Additonal authors: Krane, Matthew J. M.. Book title: Proceedings of the 58th Conference of Metallurgists Hosting Copper 2019. Chapter: . Chapter title:
Anode or fire refining is the final pyrometallurgical step in the production of copper anode. Part of this process purifies liquid copper by reducing its dissolved oxygen with a natural gas-steam mixture. Until now there have been no transient models of this process coupling the injected gas jet mass transport with its chemical reactions. A transient, 1D flow, chemical reaction model was made to estimate the time-dependent behavior of anode copper composition, soot formation, and the transient gas jet composition along its height. Model estimates were made for reduction rate, soot emission rate, and exergy loss and destruction distributions for two melt temperatures and a range of steam addition rates. It was found that increases to melt temperature and steam addition rate increased reduction rate and decreased soot emission, while having little effect on exergetic performance. Estimates for reduction histories were compared to industrial data.
Anode/fire refining is the final pyrometallurgical step in the production of copper anodes; it is essential for removing dissolved gases which cause porosity in cast anodes. Despite its significance, the open literature appears devoid of any transient models of the entire process; furthermore, there are very little published process data with which to validate any models made. This dual dearth of modelling work and process data inhibits studies of the tradeoffs between process and performance changes, desirable for decreasing reduction time and soot formation as well as quantifying changes in the exergy losses and destructions of the process. This work introduces a reduced-order, transient model of reduction during fire refining, examines performance trends with operating conditions, and compares model estimates with industrial data.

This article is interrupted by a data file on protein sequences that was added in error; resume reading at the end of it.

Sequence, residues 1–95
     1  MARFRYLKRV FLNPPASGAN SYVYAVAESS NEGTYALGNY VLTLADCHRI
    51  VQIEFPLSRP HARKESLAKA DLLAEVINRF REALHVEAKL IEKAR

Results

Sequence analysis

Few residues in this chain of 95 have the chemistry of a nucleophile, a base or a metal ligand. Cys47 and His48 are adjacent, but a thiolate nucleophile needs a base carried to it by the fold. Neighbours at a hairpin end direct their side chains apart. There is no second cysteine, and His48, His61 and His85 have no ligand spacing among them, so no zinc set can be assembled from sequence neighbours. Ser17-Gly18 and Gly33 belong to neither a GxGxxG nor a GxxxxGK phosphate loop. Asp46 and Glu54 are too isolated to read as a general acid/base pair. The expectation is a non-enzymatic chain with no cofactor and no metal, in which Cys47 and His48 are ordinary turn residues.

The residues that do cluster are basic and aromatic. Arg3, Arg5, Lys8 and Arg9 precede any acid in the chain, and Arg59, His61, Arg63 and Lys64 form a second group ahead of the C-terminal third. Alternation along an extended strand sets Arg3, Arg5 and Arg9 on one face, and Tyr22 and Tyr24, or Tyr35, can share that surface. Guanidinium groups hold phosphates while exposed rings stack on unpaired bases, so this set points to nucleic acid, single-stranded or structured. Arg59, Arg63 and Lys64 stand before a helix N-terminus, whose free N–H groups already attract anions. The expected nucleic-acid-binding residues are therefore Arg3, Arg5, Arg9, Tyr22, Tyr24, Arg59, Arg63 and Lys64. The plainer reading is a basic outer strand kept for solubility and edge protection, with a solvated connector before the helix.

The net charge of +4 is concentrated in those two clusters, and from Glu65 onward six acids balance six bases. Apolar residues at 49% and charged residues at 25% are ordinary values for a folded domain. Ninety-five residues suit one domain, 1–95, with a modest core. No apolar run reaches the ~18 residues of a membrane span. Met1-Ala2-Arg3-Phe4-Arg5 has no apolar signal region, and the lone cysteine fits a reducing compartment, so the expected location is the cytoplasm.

Overview of anode refining
The purpose of anode refining is to produce liquid copper which can be cast with minimal gas porosity, which disrupts the downstream electrorefining process. Dissolved sulfur is removed first, then oxygen, by reactions with different injected gases. The removal of oxygen (the reduction step) is the subject of this proceeding and is effected by the bubbling of natural gas, typically mixed with steam, through the melt from tuyeres. A typical refining run reduces dissolved oxygen from 3000 ppm to 300 ppm in 2–3 hours (Schlesinger, King, Sole, & Davenport, 2011). The refined copper is then cast as anodes. Figure 1 shows a schematic of the furnace vessel.